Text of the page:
Wer etwa in meinem Alter ist, hat sie als Kind garantiert gesehen: Die US-Fernsehserie „Unsere kleine Farm“, die auf den autobiografischen Büchern von Laura Ingalls Wilder beruht. Wie ihr vielleicht wisst, habe ich die Bücher alle mehrfach gelesen und halte nicht allzu viel von der Serie, da sie, vor allem in späteren Folgen, die Geschichte unerkennbar verändert und auch die Charaktere gänzlich anders als in der Realität gezeichnet hat. Dennoch habe ich die Serie gern gesehen und schaue mir auch heute, wenn ich den Fernseher nebenher laufen habe und zufällig darauf stoße, gerne die ein oder andere Folge wieder an. Das liegt vor allem an einer Person: Nellie Oleson. Es war einfach ein Vergnügen, das verzogene Biest zu hassen! Als ich erfahren habe, dass die Darstellerin Alison Arngrim ein Buch über ihre Erfahrungen geschrieben hat, wusste ich: Das muss ich lesen.
Wie sehr Nellie Oleson die Gemüter bewegt hat, zeigt folgende Episode, die Arngrim zu Beginn des Buches schildert. Eine Dame nähert sich ihr während einer Autogrammstunde:
„… She quickly went from what seemed to be abject shock and horror to boiling rage. She was even shaking. She shut her eyes and took several long, deep breaths through her nose, in an obvious effort to compose herself. She then swallowed hard and opened her eyes. I thought she was going to burst into tears, but she held her head up proudly, looked at me, and announced in all seriousness, „I forgive you!“.“ (Seite x der Einführung)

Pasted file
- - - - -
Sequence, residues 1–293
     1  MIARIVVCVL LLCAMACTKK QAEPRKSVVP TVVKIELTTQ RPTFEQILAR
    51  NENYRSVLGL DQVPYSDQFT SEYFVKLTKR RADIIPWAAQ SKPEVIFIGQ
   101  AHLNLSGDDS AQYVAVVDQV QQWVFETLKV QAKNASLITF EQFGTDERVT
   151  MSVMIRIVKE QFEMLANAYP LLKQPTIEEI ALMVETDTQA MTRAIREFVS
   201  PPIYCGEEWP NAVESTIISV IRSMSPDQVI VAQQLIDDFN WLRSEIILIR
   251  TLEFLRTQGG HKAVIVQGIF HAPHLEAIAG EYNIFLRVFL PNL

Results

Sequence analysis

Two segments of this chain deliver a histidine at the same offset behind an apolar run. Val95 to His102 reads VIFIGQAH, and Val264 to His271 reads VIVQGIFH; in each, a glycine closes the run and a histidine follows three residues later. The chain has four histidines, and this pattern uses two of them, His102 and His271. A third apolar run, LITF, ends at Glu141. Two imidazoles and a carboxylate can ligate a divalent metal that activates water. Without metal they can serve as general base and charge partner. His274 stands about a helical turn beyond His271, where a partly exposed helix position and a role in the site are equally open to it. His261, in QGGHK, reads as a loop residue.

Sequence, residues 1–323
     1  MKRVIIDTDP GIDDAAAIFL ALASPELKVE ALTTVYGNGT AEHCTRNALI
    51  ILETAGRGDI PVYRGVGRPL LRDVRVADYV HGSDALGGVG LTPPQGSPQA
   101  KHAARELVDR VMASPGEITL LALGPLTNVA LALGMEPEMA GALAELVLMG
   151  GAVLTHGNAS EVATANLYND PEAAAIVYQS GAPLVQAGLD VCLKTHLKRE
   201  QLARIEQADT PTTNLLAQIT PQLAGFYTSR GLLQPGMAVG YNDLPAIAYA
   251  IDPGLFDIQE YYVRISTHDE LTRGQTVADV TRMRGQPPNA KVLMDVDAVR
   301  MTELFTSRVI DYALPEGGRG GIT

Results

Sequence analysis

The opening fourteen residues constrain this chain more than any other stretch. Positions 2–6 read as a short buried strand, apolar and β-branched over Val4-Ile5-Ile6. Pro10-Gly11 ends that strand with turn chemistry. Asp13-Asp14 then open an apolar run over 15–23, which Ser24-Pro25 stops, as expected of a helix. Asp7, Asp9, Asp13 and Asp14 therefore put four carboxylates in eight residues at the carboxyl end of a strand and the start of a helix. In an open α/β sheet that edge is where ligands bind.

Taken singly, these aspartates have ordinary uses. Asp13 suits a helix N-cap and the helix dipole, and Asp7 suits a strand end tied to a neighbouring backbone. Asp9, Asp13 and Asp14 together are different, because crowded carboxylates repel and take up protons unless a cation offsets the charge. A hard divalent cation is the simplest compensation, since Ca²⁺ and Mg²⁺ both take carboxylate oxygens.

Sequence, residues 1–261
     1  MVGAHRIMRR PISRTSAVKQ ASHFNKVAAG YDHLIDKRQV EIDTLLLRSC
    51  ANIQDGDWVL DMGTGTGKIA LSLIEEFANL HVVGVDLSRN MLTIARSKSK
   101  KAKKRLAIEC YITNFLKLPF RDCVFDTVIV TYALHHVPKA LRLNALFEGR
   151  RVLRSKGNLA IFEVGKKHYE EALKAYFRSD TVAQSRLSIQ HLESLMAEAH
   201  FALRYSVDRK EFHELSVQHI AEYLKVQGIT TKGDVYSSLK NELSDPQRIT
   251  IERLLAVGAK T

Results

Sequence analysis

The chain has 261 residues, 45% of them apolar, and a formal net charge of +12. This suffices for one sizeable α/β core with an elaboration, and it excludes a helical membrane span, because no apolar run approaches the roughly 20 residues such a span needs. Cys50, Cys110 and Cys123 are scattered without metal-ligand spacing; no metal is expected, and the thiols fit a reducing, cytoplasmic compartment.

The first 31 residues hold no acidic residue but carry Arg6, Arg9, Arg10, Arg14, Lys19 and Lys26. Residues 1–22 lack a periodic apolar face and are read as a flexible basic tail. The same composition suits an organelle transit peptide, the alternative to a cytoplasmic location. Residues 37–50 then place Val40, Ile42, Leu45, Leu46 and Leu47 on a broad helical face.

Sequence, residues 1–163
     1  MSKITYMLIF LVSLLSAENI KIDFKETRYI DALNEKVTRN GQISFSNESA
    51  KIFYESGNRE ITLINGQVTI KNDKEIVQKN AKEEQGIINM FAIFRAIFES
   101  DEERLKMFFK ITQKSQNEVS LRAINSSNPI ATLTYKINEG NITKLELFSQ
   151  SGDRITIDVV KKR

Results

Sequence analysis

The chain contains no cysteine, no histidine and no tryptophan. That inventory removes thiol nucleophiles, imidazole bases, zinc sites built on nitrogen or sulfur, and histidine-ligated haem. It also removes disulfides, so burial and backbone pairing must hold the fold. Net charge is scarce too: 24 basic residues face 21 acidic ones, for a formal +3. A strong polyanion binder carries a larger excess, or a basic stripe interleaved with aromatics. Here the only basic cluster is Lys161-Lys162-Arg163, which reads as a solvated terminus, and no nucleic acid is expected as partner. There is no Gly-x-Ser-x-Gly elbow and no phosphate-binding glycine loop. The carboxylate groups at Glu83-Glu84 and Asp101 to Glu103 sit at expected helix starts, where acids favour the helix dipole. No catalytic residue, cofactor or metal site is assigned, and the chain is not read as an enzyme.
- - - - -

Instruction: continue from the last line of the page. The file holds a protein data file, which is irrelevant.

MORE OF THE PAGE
Alison Arngrim schildert jedoch nicht nur ihre Zeit als Kinderschauspielerin, sondern beginnt mit ihrer früheren Kindheit. Was ich nicht wusste: Sie wurde als Kind jahrelang von ihrem Bruder missbraucht und hat sich noch als junges Kind selbst aus der Situation befreit, indem sie ihm mit der Polizei drohte. Angesichts dieser Erlebnisse ist es wirklich bemerkenswert, wie Arngrim sich ihren Humor bewahrt hat, der sich durch das ganze Buch zieht. Heute engagiert sie sich auch ehrenamtlich für Organisationen zum Schutz von Kindern vor sexuellen Übergriffen.